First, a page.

Webpage Coding
Getting Started
#1 Example Webpage
#2 Adding CSS
Compatible CSS
#3 Adding Metadata
#4 JS Masked Email
#5 Sharing SSIs
#6 Support Testing
Password Access
Custom 404 Page
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JS Applications

Webpage Coding

Password Controlled Access

There are many reasons to wish to protect part of your website from general view. Perhaps it is a resource or service that you would like to charge money for, it may be a private member's area, the information may be of corporate value, there may be sensitive administration options and so on...

The Apache webserver's AccessFileName directive allows parts of the website to be password protected in this way.

In essence a file is created and located in the website directory to be protected. On receiving a request for any page within this directory, or any of those 'below' it the authentication request is passed back to the browser via the HTTP stream. This causes the browser to open its password dialogue box, and request a username and password. These are returned to the server, and if correct an authentication token is returned to the browser and the page is served. The token stays in effect until the browser window is closed. Without this token the server will not release any of the protected pages.

The protected area is known as a 'realm', it is possible to set up multiple areas within the website with different or even 'over-lapping' realms.

.htaccess Protection Example

The simplest way to explain this is by example...
A sub-directory has been created within this website /tech/webpage/secure and it contains a page with my bank details in it; /tech/webpage/secure/bankdetails.shtml Naturally I do not want to share this information with all and sundry and so I have chosen to password protect the directory.

For this example the username is fred, the password is sausage.

The first step is to create a text file within that directory and call it .htaccess note the leading dot on the filename. This file defines the authentication realm and gives the location of the required password file. The file contents are as follows:

AuthName "Bank Details"
AuthType Basic
require valid-user

AuthName defines the name of the 'realm', if other parts of the website are also protected and given the same AuthName, ie the same realm, then logging in here successfully will also gain access to these other locations without having to log in again.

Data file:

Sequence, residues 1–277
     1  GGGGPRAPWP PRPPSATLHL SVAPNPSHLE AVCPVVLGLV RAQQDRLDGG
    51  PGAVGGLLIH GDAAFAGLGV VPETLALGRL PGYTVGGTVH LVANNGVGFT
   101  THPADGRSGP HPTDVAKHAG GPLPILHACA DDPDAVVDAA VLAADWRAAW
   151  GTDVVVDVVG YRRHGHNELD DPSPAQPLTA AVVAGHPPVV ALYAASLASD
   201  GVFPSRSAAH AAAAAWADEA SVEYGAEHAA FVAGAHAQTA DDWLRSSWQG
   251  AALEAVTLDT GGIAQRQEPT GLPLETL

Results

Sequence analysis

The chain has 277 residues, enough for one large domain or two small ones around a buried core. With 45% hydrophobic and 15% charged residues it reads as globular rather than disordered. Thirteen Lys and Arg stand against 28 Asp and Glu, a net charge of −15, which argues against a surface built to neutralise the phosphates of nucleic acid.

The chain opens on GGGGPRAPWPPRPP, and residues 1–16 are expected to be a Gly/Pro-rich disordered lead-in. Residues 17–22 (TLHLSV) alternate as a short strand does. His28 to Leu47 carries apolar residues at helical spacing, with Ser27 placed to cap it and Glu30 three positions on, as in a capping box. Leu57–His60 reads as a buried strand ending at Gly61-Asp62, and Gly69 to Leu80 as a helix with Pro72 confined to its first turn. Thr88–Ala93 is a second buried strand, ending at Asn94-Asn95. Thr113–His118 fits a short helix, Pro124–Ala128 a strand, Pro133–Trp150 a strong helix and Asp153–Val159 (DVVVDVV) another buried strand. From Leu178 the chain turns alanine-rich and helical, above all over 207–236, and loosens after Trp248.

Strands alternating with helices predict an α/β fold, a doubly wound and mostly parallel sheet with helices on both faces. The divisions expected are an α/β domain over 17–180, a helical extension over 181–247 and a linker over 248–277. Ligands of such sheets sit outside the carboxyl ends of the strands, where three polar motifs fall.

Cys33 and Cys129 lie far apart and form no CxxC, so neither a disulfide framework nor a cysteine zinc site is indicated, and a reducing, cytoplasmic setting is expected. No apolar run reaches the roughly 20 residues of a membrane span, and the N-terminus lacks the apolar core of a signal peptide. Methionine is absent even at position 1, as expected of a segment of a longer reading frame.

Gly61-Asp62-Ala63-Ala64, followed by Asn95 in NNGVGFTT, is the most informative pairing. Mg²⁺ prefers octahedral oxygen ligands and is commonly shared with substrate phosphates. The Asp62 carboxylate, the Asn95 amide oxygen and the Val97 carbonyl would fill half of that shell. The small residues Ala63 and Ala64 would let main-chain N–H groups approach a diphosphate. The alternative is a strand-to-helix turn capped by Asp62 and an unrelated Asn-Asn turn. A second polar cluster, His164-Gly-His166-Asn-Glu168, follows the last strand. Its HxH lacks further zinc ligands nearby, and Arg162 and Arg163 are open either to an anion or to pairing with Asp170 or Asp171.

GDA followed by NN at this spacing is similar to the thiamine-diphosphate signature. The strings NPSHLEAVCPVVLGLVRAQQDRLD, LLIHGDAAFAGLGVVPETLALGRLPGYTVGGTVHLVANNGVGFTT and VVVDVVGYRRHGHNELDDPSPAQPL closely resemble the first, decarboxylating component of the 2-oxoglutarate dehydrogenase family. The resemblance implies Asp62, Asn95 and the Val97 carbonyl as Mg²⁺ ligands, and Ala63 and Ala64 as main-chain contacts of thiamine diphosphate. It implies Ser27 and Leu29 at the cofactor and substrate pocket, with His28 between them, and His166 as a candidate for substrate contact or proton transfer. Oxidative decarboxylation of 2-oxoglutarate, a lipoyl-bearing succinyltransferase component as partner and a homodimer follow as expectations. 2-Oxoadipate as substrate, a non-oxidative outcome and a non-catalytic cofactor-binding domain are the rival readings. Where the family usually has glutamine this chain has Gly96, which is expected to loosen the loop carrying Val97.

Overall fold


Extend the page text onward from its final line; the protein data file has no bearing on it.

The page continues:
AuthType determines what level of security is used.

AuthUserFile This tells Apache where to find the required password file.
[WEBSERVER_FILESYSTEM_PATH] is the full pathname to wherever the file is located on the webserver.
Note! If you are working under win32 Apache then this will need to be something like: c:/mywebsite/.htpasswd, note the forward slashes rather than back-slashes.

require This configuration method is very flexible and allows group as well as user based configuration.
Further details are beyond the scope of this website, for more a more detailed discussion of these and other options see the Apache notes at: »http://httpd.apache.org/docs/2.0/howto/auth.html

You will also need to create the required pasword file with at least one username and password in it. Your Apache installation should come with a number of utilities to do this.

From the command line navigate to your .../apache/bin directory and type: htpasswd -h This should give you all you need to create a new password file from the command prompt using that information.

You are advised not to put the password file under your document root directory, this will prevent anyone accessing the file via the website.

You may also need to make some configuration changes to your httpd.conf file. You will need to set the AccessFileName to tell Apache which files to treat in this way, and also to add another directive which will prevent certain files ever being served so intruders cannot snoop your password related files, thus:

AccessFileName .htaccess

<Files ~ "^\.ht">
  Order allow,deny
  Deny from all
  Satisfy All

You will also need to add specfic directives to ensure that Apache will follow the .htaccess files in preference to the main configuration in httpd.conf

  AllowOverride AuthConfig

Note! This method works for all webpages and files within the scope of the directory containing the .htaccess file. But CGI programs do not have a 'location' in this way so this method does not work! Worse still the authentication details are not accessible to the CGI stream, your CGI programs have no way to tell if you have logged in or what username you have used. Needlesstosay there is a solution to this, but it is rather more advanced and will be dealt with later on and separately in the CGI programming section.

And that is about it for password controlled access, this is the basic method, for further refinements or troubleshooting see the Apache documentation that came with your installation or go online and check the online Apache documentation.

But we're not quite done yet, there is something else that .htaccess files can do too, error handling...

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